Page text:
Background: Depression is commonly encountered in general practice. However, illness behaviour and subjective symptoms of depression are not well described in Japan. The purpose of this study was to examine the association between depression and clinical clues, such as doctor shopping (frequency of consultations), severity, and duration of patient complaints. Methods: A cross-sectional study of consecutive 162 first visit patients (54 males, 108 females) was performed during 1-year (October 1, 2001 - September 30, 2002) of a family practice. The Mini-International Neuropsychiatric Interview obtained data on major depressive disorder at the family practice, while the doctor shopping, severity, and duration of subjective symptoms were obtained on our original questionnaire. Results: Six in 162(3.7%) patients fulfilled the diagnostic criteria of major depressive episode. Compared with the other 156 patients, doctor shopping was not a significant factor in first visit patients with depression (P value = 0.169), but severity (P=0.003) and duration (P=0.022) of symptoms were significant for those with depression in primary care. Conclusion: We found that the severity and duration of any subjective symptoms were significantly related to consulting a doctor by the patients with depression in a family practice in Japan.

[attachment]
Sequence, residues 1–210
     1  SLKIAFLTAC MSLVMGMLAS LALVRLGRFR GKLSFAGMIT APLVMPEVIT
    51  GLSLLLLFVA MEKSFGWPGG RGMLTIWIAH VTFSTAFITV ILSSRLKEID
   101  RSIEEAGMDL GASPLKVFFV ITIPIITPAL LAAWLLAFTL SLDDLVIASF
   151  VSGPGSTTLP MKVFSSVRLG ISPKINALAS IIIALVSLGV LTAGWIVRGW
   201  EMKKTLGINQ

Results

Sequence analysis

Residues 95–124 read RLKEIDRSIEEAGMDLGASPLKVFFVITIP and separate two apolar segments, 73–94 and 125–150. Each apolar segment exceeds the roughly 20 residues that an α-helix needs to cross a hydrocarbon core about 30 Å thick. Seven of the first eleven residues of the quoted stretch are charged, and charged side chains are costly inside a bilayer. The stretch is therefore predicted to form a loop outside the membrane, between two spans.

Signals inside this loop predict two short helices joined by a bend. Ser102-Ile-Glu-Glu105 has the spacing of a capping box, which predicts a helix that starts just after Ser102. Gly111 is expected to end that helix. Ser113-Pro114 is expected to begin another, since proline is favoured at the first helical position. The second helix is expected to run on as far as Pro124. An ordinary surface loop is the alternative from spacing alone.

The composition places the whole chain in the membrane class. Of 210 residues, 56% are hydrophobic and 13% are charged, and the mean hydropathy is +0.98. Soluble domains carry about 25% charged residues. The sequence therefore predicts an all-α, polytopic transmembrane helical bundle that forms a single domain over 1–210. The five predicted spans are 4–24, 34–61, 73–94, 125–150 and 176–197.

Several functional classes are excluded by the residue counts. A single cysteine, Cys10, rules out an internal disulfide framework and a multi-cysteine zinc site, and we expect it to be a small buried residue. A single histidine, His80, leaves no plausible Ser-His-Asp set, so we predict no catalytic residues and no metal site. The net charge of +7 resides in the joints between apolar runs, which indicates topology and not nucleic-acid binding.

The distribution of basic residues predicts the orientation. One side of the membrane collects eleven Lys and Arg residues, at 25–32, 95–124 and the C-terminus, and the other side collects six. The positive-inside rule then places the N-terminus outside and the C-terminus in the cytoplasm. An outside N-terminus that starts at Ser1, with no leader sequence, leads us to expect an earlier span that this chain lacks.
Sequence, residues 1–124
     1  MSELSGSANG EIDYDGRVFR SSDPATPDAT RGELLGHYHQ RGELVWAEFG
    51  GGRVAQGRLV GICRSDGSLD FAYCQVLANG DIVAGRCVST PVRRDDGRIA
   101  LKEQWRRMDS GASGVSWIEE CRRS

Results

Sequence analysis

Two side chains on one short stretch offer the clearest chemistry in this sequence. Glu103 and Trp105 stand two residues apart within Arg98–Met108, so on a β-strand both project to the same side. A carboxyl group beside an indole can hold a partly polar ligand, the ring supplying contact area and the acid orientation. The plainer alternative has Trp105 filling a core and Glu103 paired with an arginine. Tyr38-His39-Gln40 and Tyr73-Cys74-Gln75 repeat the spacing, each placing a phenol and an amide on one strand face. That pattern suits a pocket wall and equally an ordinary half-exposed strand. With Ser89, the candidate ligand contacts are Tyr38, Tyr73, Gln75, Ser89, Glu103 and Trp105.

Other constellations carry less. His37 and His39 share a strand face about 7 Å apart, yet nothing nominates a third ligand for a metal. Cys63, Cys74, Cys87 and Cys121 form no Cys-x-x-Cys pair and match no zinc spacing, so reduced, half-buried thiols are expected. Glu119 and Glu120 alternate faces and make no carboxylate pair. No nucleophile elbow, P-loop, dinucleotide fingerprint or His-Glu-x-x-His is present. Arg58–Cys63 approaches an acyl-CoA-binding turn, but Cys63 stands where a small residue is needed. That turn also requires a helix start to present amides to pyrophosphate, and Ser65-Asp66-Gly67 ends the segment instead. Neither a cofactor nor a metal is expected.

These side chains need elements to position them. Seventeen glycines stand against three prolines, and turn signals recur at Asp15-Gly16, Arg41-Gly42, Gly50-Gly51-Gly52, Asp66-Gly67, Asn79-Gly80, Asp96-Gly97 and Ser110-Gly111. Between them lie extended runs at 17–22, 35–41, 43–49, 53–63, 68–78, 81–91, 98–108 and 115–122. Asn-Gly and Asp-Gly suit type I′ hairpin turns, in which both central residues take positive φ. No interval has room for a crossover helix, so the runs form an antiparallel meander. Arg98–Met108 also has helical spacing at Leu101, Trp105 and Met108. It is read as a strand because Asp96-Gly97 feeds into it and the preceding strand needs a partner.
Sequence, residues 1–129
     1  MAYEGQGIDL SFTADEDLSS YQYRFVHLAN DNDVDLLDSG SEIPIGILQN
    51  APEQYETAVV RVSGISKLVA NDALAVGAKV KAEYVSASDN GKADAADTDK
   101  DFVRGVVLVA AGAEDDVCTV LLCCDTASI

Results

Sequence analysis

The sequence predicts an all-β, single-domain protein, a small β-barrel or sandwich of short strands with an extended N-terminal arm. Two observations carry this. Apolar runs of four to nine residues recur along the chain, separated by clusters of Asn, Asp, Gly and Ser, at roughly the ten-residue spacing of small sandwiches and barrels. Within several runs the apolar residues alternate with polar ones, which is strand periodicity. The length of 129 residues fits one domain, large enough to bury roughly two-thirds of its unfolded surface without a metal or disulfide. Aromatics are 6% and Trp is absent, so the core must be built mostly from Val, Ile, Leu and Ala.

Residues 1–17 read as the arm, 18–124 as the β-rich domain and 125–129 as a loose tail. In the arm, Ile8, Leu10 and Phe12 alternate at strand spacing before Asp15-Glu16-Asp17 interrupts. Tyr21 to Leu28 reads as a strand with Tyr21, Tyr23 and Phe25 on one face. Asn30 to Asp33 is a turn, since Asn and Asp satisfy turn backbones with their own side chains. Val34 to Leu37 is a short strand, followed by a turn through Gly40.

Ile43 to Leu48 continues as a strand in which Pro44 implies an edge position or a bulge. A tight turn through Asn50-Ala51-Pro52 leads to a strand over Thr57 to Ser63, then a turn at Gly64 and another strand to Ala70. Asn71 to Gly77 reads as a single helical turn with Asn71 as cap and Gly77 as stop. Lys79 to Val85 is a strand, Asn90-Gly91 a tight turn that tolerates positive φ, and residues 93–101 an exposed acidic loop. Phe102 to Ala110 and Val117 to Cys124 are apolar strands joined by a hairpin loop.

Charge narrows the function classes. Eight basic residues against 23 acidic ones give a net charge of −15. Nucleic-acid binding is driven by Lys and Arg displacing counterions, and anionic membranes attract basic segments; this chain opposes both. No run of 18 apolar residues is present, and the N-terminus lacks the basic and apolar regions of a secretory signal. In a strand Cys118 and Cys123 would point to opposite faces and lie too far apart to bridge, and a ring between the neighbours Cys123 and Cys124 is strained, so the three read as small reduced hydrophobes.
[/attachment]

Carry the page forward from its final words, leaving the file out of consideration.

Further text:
All Science Journal Classification (ASJC) codes
- Public Health, Environmental and Occupational Health
- Psychiatry and Mental health